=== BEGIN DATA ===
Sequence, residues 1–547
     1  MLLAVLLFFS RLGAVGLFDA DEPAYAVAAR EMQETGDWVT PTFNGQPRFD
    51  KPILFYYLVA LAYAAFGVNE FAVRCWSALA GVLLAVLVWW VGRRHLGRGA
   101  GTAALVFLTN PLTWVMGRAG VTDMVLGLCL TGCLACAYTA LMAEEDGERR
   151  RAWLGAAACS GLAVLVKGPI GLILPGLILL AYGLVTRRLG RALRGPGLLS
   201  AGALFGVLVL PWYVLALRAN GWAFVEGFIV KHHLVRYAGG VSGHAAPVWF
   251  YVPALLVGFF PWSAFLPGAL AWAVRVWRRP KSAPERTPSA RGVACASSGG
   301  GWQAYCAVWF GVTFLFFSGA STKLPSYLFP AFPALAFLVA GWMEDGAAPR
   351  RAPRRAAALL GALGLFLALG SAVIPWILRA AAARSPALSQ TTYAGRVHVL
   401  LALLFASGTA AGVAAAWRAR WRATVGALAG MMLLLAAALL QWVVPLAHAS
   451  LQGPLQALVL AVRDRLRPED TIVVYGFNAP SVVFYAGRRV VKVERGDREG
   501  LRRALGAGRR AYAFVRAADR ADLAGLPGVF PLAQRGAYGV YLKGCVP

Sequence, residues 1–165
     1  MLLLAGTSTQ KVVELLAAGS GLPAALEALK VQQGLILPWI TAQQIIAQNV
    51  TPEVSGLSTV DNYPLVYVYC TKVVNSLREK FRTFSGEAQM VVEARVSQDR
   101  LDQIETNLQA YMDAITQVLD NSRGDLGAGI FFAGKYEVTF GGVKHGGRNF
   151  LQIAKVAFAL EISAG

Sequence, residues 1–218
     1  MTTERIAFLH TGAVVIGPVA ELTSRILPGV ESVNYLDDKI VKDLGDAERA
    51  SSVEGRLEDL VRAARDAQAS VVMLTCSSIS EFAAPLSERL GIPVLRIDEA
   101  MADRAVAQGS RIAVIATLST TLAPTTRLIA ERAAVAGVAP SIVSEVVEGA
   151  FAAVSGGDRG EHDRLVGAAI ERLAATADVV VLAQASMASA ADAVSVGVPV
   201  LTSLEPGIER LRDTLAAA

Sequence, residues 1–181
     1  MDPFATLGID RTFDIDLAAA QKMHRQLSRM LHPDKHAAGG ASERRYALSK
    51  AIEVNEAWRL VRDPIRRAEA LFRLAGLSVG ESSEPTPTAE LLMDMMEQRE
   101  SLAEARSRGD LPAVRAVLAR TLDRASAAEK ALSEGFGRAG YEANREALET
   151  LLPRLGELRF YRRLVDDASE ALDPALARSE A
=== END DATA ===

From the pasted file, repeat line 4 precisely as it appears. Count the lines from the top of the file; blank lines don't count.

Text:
   101  GTAALVFLTN PLTWVMGRAG VTDMVLGLCL TGCLACAYTA LMAEEDGERR